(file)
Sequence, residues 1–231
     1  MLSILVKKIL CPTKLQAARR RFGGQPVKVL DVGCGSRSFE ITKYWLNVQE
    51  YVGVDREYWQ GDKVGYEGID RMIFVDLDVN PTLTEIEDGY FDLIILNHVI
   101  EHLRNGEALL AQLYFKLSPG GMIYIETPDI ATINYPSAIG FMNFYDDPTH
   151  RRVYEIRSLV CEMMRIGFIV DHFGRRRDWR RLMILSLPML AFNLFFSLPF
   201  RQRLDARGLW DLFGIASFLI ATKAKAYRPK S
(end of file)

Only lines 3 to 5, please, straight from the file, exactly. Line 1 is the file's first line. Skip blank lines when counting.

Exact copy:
    51  YVGVDREYWQ GDKVGYEGID RMIFVDLDVN PTLTEIEDGY FDLIILNHVI
   101  EHLRNGEALL AQLYFKLSPG GMIYIETPDI ATINYPSAIG FMNFYDDPTH
   151  RRVYEIRSLV CEMMRIGFIV DHFGRRRDWR RLMILSLPML AFNLFFSLPF